California Toy Testing Events Protect Kids from Lead

Ngoc Nguyen, New America Media, December 16, 2008

Editor's Note: A $1.5 million settlement from major toymakers funds
California environmental groups to test toys and other products for
high lead levels, helping protect children and educate ethnic
communities. Ngoc Nguyen is an editor for New America Media.

OAKLAND, Calif.-Heddy Garcia, the mother of two toddlers, was picking
up her kids from a Head Start program here Thursday, when teachers told
her about a free toy-testing event in the nearby shopping and transit
hub called Fruitvale Village.

"Thursday is sharing day, so the kids brought toys," she said.

Garcia's 5-year-old son David reluctantly handed over his big yellow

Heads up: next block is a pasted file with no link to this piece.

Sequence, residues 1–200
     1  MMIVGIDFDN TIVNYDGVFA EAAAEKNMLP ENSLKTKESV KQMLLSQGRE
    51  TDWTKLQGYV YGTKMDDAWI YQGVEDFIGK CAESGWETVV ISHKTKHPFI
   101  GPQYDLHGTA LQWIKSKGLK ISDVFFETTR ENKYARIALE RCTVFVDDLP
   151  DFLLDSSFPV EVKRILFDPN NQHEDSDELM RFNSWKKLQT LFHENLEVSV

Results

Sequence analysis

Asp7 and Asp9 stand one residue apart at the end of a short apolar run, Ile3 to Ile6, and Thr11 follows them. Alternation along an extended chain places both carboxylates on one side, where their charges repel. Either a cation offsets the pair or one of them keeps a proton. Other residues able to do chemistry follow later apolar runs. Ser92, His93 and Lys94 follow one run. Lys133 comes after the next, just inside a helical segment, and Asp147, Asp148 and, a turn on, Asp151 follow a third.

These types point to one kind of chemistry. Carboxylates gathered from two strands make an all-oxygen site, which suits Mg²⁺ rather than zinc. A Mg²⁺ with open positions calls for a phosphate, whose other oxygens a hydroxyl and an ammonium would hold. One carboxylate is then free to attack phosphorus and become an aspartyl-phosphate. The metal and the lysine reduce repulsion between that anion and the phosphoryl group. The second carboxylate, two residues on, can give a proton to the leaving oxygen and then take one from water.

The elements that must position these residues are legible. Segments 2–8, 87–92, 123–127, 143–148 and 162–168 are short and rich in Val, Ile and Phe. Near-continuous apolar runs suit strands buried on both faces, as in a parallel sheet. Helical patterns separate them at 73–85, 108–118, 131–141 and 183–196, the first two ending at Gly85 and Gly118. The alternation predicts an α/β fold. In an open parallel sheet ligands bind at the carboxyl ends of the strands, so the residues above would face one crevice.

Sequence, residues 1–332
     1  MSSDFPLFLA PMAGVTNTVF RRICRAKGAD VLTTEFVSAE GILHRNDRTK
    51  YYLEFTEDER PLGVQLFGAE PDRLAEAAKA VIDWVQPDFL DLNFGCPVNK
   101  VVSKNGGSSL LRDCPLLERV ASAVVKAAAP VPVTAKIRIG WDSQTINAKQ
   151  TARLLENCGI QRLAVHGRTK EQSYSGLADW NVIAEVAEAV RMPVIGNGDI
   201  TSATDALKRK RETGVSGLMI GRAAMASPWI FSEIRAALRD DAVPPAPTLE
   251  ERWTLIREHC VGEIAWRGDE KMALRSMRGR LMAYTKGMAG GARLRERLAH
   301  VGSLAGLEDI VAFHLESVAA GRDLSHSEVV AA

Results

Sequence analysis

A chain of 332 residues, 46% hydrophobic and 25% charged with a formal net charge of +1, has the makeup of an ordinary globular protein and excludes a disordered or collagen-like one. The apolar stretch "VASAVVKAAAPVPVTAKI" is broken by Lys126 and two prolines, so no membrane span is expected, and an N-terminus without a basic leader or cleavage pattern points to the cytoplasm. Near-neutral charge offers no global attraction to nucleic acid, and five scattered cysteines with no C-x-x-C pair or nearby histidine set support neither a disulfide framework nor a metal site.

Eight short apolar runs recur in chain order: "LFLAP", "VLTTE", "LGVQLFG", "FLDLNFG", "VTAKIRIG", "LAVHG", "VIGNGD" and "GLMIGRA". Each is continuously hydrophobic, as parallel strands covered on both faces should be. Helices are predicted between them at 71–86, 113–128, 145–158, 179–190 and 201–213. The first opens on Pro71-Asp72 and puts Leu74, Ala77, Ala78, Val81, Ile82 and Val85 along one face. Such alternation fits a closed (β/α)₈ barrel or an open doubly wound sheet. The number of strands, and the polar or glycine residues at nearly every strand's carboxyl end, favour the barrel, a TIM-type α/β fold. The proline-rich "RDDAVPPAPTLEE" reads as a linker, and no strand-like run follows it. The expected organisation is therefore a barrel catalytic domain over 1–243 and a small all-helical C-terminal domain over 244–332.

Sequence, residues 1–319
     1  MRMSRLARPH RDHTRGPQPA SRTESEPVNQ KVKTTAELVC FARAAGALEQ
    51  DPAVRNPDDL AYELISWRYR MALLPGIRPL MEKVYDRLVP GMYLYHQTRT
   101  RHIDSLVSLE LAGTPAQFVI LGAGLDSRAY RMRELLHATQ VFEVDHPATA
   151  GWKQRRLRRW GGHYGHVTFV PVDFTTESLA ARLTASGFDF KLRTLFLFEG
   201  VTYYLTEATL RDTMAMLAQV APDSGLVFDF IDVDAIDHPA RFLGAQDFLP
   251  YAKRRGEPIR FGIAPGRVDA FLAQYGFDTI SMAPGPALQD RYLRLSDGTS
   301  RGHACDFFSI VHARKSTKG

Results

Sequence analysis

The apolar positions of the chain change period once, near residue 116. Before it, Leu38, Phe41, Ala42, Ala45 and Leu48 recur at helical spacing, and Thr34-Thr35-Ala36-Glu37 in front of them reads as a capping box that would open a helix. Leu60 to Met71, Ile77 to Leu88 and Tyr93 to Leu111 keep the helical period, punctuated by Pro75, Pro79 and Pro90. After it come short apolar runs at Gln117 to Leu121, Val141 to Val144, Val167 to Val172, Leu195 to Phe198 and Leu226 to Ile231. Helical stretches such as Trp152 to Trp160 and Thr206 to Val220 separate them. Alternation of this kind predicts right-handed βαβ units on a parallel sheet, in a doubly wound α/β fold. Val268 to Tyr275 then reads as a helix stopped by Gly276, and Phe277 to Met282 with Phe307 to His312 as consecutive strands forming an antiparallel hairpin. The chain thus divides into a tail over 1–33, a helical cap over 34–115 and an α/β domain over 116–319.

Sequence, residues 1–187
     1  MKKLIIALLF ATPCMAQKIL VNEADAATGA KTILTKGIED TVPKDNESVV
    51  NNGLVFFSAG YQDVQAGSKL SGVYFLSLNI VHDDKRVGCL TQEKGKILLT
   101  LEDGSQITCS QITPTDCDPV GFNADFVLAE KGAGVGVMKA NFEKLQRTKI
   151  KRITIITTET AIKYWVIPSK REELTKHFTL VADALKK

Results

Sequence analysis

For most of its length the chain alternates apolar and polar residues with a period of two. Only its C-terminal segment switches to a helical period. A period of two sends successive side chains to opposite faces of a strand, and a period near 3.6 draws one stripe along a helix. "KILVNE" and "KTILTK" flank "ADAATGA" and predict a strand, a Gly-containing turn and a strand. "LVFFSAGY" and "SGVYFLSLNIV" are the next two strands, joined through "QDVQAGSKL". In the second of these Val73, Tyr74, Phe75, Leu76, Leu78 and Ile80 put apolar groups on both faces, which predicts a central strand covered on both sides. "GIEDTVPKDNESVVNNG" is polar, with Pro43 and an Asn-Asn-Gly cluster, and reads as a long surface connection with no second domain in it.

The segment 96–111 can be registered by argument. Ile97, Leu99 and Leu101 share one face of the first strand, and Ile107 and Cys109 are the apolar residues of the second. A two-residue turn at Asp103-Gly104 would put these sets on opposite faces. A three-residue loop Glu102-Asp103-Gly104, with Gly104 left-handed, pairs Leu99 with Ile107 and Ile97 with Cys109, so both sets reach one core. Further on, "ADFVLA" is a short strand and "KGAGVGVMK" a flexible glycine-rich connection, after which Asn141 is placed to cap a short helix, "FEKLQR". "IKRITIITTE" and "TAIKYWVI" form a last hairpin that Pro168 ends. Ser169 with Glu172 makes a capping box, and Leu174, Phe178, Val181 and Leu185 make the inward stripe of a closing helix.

truck, while his mother pulled an apple-sized, plastic bumble bee from
the hands of her one-and-a-half-year-old daughter, Amcy.

Staff members at the Center for Environmental Health (CEH) checked the plastic toys for lead. The tests came up negative.

Josephina Cornejo, community development specialist for the Alameda
County Lead Poisoning Prevention Program, told Garcia that exposure to
lead "affects how children grow and learn." Cornejo said that speaking
to mostly monolingual Spanish-speaking mothers like Garcia at the event
made her realize how important continued education is in this
community, because "they are not informed."

Exposure to lead, a highly toxic metal, can have serious health effects
in adults and children. Children with high blood-lead levels can suffer
from damage to the brain and nervous system, behavior and learning
problems, such as hyperactivity, slowed growth, hearing problems and
headaches.

The Centers for Disease Control and Prevention estimated that there are
310,000 children with high levels of lead in their bodies. Cornejo said
the primary exposure to lead in children in the United States is